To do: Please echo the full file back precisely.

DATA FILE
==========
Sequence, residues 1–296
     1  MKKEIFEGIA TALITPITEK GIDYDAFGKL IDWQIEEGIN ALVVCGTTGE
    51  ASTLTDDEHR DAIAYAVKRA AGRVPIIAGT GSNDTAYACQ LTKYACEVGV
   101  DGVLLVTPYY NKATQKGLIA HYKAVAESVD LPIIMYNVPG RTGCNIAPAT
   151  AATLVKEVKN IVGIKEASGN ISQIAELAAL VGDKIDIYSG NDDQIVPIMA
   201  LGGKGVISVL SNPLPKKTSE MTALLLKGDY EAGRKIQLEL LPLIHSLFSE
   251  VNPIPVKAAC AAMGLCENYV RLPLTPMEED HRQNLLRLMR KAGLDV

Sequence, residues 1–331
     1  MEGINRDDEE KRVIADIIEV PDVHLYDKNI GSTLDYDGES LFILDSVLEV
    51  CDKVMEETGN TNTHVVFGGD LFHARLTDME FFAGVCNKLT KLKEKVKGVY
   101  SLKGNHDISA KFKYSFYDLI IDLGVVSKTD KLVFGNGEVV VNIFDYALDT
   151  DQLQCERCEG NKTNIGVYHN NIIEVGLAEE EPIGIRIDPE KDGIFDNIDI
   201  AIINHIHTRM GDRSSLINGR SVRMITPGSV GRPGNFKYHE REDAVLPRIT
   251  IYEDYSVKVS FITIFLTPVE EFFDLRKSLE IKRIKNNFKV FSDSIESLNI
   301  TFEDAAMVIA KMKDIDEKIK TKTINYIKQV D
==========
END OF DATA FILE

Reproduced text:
Sequence, residues 1–296
     1  MKKEIFEGIA TALITPITEK GIDYDAFGKL IDWQIEEGIN ALVVCGTTGE
    51  ASTLTDDEHR DAIAYAVKRA AGRVPIIAGT GSNDTAYACQ LTKYACEVGV
   101  DGVLLVTPYY NKATQKGLIA HYKAVAESVD LPIIMYNVPG RTGCNIAPAT
   151  AATLVKEVKN IVGIKEASGN ISQIAELAAL VGDKIDIYSG NDDQIVPIMA
   201  LGGKGVISVL SNPLPKKTSE MTALLLKGDY EAGRKIQLEL LPLIHSLFSE
   251  VNPIPVKAAC AAMGLCENYV RLPLTPMEED HRQNLLRLMR KAGLDV

Sequence, residues 1–331
     1  MEGINRDDEE KRVIADIIEV PDVHLYDKNI GSTLDYDGES LFILDSVLEV
    51  CDKVMEETGN TNTHVVFGGD LFHARLTDME FFAGVCNKLT KLKEKVKGVY
   101  SLKGNHDISA KFKYSFYDLI IDLGVVSKTD KLVFGNGEVV VNIFDYALDT
   151  DQLQCERCEG NKTNIGVYHN NIIEVGLAEE EPIGIRIDPE KDGIFDNIDI
   201  AIINHIHTRM GDRSSLINGR SVRMITPGSV GRPGNFKYHE REDAVLPRIT
   251  IYEDYSVKVS FITIFLTPVE EFFDLRKSLE IKRIKNNFKV FSDSIESLNI
   301  TFEDAAMVIA KMKDIDEKIK TKTINYIKQV D